Published on August 3rd, 20150
Of personal and familial pursuits
A senior citizen writes about cracking life’s code – enriching one’s life in the golden years by self-help and empathy.
by Vanita Kumta
Life goes around in circles. As human beings we are a part of a greater society and we all need the help of one another – more so in a family. Having completed most of our responsibilities in life and reached our retirement, often there is a clash of ideas about whether lending a helping hand with the rearing of one’s grandchildren is worthwhile or whether we should call it a day and just enjoy our golden years.
When any work that we do is not taken for granted and it is appreciated, it is a pleasant feeling. Especially nurturing one’s grandchildren. It is in these golden years as our own birds leave the nests soaring high in their respective careers and with families of their own that the empty nest syndrome brings loneliness and depression in its wake. The seniors can find a lot of love and solace when they bond with their grandchildren. It reminds us of our own youth and our children and also our elders.
These reminiscences are full of mixed feelings of joy and pain. But that, in essence, is life.
My husband and I are an old couple, currently retired from our active phase of life. We were part of a joint family till about two years back and have, of our own accord, insisted that our son, daughter-in-law and grandchild live their lives separately away from us. We took this decision to avoid stepping on one another’s toes and to give space in our relationships. Nevertheless, we try to be active supports, especially in taking care of our little granddaughter.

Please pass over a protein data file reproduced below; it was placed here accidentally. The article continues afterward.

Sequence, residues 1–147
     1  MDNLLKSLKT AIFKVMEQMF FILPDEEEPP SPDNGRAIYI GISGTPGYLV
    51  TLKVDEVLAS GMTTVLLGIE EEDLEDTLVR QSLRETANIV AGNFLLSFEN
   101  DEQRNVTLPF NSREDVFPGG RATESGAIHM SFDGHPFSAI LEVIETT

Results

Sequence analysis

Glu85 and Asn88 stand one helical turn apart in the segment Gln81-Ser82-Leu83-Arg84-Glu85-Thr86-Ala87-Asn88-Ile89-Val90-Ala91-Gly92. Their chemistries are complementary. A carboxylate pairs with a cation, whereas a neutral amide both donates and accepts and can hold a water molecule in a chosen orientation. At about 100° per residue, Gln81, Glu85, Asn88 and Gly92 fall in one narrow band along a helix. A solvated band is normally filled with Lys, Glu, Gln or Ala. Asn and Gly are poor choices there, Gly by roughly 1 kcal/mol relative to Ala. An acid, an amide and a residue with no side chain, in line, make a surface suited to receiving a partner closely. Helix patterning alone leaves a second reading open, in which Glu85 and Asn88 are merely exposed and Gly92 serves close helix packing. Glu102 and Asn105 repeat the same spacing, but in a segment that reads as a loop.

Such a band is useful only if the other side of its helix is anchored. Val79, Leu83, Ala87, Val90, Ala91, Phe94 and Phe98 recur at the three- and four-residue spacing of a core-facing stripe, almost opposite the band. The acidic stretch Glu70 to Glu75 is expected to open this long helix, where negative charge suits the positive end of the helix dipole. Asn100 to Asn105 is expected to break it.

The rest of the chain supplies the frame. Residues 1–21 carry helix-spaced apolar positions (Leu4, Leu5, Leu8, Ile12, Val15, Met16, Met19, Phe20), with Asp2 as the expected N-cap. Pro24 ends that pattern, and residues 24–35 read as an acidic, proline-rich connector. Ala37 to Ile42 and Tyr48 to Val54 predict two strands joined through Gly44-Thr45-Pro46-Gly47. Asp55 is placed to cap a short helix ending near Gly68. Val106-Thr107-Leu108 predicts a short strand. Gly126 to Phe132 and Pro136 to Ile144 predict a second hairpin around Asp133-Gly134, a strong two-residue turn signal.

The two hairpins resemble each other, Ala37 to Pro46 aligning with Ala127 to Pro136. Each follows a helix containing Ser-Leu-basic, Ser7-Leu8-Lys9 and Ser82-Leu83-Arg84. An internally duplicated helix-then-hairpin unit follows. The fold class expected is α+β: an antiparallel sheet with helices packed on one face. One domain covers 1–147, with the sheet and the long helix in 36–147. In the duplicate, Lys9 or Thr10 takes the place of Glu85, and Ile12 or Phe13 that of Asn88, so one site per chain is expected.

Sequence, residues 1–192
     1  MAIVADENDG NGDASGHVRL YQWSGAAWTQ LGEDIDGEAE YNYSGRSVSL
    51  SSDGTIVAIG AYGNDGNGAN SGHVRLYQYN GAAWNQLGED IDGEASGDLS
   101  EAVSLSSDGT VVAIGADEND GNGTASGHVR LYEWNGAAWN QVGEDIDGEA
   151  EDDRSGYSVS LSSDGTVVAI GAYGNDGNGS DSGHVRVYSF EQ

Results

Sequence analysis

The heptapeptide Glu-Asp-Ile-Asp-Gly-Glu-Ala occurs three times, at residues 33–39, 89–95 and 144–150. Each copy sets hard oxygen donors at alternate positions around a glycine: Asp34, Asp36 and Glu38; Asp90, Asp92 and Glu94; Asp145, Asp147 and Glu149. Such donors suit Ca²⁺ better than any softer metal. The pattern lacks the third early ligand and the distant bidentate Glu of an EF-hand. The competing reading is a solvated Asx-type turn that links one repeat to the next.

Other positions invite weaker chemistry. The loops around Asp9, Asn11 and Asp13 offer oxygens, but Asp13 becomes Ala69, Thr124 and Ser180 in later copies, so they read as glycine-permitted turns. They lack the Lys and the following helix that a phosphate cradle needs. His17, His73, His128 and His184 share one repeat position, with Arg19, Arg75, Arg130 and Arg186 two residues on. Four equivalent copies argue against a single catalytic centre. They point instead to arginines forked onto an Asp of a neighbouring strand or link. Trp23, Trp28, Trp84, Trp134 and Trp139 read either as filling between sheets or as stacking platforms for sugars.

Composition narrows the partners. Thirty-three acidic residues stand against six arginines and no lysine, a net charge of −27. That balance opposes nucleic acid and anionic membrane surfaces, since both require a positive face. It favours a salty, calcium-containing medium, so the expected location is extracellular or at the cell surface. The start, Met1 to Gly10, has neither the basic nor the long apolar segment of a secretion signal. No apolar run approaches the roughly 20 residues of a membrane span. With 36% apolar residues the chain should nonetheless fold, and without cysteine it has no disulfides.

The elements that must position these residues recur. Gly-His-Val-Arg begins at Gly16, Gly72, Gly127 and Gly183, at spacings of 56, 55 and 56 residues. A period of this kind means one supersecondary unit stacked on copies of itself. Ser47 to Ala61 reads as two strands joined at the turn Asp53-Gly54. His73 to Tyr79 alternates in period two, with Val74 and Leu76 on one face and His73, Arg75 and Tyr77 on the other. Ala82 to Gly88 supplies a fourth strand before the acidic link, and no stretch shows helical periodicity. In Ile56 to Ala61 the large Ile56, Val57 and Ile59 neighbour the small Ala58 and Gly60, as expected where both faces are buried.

In hindsight, we feel that this decision has brought back a healthy bonding between us. We have our own space after leading a full life and we treasure it. The young fledgling family, too, becomes more responsible and realises the value of time, money and work. They become more responsible, independent and innovative in the bargain. All in all it is heady mixture of freedom for all without the encumbrance of strictures.
Most people do not adapt to changing times and try to hold on to meaningless strings. This makes us lose out on a lot in life. The waters of life keep flowing regardless of obstacles. If we adapt to our new roles, try to stay aloof at times and yet be of service to one another, it makes the world a much better place to live in. Having said this, I cannot deny that there is turmoil. But the entire exercise is one of patience, and never trying to exploit one another.
May be we too will need a finger to hold on to, so why not offer a helping hand without expecting too much in return? I think that leading an active life that enriches us as individuals and the lives of others helps us physically, emotionally and may be financially.
Since April this year, we have stepped back a little from our babysitter duties as our granddaughter is now quite grown up. It is time that her young family becomes self-sufficient and that we relax a wee bit and see them grow. I do not wish for us to become a burden on anyone, so we also make some time for exercise, too.
I think I have cracked the code to a happy life. Have you?
Grey Space’ is a weekly column on senior citizen issues. If you have an anecdote, or legal information, or anything you feel is useful to senior citizens, caregivers and the society at large, feel free to get it published in this space. Write to firstname.lastname@example.org or on Facebook at www.facebook.com/Themetrognome.in and we will publish your account.